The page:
It takes a lot of trees to produce Austin, Texas-based independent publisher Greenleaf Book Group’s list of titles. So founder Clint Greenleaf’s favorite deduction is the money that goes to replace what they use. He’s started a nonprofit, Tree Neutral, that allows companies and individuals to calculate how many tons of paper they use and the corresponding number of trees cut down. Participants can then donate to an organization that plants trees. “So we’re tree-neutral, at least,” Greenleaf says. “It’s our way to give back.”
Michelle Madhok frequently appears on television representing her Web-based fashion company, New York-based White Cat Media--so she has to look good. When Madhok began regularly scheduled guest spots, her grooming became a deductible expense. "Getting my hair done, cut, color, nails, facial--I can deduct my grooming because I'm the face of my company,” she says. “I realized early on that if I wasn't fixed up, I would look like a wreck next to the talent."
Community involvement goes right to the heart of New York City’s Brooklyn Industries: The year the first store opened, founders Lexy Funk and Vahap Avsar joined a local campaign against a power plant project that was proposed for the neighborhood. Today, the company often works with community organizations to design products for sale in Brooklyn Industries’ 11 stores. A portion of the profit from each sale is typically donated to the group. "It goes back to the base of who we are, being engaged with the community, but always through creativity and through a project," says Funk.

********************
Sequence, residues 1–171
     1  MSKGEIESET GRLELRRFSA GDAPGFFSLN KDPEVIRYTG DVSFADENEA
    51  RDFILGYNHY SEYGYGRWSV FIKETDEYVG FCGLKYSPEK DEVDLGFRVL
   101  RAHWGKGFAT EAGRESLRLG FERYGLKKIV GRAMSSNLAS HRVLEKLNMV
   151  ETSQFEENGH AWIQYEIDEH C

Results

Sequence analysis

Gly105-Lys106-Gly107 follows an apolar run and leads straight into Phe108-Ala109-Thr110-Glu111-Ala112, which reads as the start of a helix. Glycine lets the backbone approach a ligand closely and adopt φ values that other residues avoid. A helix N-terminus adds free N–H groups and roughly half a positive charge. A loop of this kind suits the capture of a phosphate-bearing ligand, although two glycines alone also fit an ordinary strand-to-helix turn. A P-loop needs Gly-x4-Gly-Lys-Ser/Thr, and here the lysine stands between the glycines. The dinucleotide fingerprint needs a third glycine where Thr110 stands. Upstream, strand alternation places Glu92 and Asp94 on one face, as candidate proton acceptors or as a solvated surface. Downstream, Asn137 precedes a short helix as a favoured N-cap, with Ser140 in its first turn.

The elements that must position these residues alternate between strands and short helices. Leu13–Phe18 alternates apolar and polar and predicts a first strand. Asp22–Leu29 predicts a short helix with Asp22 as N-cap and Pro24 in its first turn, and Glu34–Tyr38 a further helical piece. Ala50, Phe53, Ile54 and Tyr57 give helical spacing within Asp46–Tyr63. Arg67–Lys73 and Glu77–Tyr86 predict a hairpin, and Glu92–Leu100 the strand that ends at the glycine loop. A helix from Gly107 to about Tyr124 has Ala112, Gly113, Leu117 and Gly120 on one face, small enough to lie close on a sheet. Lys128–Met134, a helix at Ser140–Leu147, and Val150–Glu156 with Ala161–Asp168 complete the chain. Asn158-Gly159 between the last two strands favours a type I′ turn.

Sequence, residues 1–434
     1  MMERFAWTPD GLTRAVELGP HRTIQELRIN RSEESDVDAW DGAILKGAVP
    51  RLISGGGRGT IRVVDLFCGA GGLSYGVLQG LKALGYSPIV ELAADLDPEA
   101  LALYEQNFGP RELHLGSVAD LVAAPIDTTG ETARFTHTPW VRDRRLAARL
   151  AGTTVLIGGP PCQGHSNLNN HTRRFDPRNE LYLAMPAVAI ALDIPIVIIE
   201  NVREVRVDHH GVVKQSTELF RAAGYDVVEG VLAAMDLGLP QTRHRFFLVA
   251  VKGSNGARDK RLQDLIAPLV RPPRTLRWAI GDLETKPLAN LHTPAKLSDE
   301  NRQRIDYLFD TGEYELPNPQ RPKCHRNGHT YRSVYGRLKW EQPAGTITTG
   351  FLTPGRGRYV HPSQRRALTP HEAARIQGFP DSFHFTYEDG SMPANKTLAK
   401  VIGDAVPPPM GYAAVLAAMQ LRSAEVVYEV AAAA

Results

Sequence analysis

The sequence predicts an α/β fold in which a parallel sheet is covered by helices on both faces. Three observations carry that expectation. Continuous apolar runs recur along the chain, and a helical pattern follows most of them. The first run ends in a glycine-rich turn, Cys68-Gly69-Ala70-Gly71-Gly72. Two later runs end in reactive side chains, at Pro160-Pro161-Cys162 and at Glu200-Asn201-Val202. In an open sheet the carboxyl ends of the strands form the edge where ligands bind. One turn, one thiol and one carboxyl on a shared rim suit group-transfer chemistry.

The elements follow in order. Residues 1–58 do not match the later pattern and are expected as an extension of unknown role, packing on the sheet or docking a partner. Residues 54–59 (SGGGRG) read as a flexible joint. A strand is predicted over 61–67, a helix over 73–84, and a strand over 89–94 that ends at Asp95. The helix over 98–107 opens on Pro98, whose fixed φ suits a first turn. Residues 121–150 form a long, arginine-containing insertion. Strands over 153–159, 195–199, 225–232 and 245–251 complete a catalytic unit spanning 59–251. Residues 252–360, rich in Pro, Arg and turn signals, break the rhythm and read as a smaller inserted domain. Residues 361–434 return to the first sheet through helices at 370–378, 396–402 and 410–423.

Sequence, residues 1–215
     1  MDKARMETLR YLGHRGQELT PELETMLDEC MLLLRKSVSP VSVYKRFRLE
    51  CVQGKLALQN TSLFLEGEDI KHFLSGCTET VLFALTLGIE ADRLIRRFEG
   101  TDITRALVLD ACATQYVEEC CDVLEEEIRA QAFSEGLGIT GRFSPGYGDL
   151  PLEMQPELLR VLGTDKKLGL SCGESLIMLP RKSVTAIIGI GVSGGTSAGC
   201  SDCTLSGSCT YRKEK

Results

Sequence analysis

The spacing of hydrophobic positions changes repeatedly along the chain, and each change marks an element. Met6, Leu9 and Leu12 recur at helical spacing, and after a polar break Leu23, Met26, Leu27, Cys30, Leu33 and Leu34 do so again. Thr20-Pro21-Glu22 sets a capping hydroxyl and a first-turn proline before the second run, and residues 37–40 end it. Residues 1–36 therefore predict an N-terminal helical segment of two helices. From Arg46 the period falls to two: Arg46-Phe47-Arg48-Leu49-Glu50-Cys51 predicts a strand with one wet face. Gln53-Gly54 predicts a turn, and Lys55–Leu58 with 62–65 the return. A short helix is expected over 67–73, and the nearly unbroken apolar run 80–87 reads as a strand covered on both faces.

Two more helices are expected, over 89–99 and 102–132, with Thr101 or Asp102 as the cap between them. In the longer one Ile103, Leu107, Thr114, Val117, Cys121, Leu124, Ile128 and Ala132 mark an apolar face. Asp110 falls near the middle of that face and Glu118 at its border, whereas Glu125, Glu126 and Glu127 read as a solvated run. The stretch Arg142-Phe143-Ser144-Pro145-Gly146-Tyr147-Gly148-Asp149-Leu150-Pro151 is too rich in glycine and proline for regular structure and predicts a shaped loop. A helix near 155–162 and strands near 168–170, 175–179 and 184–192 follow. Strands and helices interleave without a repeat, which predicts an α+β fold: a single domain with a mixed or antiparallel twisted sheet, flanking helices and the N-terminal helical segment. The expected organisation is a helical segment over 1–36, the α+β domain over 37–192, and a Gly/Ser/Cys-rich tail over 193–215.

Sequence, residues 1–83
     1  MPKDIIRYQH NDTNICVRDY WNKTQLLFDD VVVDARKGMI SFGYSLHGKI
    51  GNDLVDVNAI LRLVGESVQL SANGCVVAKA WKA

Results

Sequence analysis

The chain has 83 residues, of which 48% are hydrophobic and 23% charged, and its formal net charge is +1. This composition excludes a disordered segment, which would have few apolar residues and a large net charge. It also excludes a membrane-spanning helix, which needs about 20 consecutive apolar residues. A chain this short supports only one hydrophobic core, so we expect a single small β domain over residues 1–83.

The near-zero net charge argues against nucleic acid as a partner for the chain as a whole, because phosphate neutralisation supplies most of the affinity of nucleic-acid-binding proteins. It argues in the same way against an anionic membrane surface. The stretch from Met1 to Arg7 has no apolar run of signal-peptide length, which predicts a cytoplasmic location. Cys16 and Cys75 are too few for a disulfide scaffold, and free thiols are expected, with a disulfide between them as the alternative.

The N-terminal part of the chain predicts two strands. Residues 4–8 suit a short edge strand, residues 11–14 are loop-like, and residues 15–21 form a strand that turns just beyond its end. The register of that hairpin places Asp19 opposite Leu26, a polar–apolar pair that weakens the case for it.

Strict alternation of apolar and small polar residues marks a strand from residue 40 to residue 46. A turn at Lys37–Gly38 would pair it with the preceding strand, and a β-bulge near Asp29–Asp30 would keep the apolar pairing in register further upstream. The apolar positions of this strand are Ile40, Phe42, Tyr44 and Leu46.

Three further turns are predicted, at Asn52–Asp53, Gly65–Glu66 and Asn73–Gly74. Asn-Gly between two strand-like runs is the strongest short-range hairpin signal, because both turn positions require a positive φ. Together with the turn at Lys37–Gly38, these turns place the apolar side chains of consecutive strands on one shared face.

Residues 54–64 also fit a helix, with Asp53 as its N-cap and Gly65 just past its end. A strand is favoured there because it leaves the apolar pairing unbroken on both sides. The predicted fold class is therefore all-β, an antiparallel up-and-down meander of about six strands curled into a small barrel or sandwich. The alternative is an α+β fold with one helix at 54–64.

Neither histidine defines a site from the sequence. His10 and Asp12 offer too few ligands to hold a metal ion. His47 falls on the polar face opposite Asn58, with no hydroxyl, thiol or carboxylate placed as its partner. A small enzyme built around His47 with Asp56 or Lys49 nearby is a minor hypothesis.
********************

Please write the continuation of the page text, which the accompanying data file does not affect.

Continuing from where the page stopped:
For CEO Charles Kittredge, one write-off in particular stands out: Dalton, Massachusetts stationary makers Crane and Co. decided to rebuild an old dam upriver from their mill, allowing it to run part of the year on a water turbine system. The expense was deductible, but just how much the company could write off had to be settled by a team of accountants and auditors, working in consultation with the IRS; the write-off quickly became known by everyone involved as that dam deduction. "We had a lot of fun with it," says Kittredge.
Andra Watkins knows her way around a tax return. She was a CPA before launching Positus Consulting, her business advisory firm located in Charleston, South Carolina. Her favorite deduction is her retirement contribution, because she gets to write the money off and keep it for herself. "I get to deduct it as a business expense, but it's still my money," she says.
What’s the point of having money if you can’t do good with it? “One of the whole driving factors to create wealth is to help the world and the community,” says Josh Linkner, CEO of ePrize, a Detroit-area online marketing company. “Charitable giving is absolutely my favorite deduction.” So Linkner encourages all employees to volunteer their time through the ePrize Foundation, which will match them with opportunities to promote creativity, education, and entrepreneurship in the community.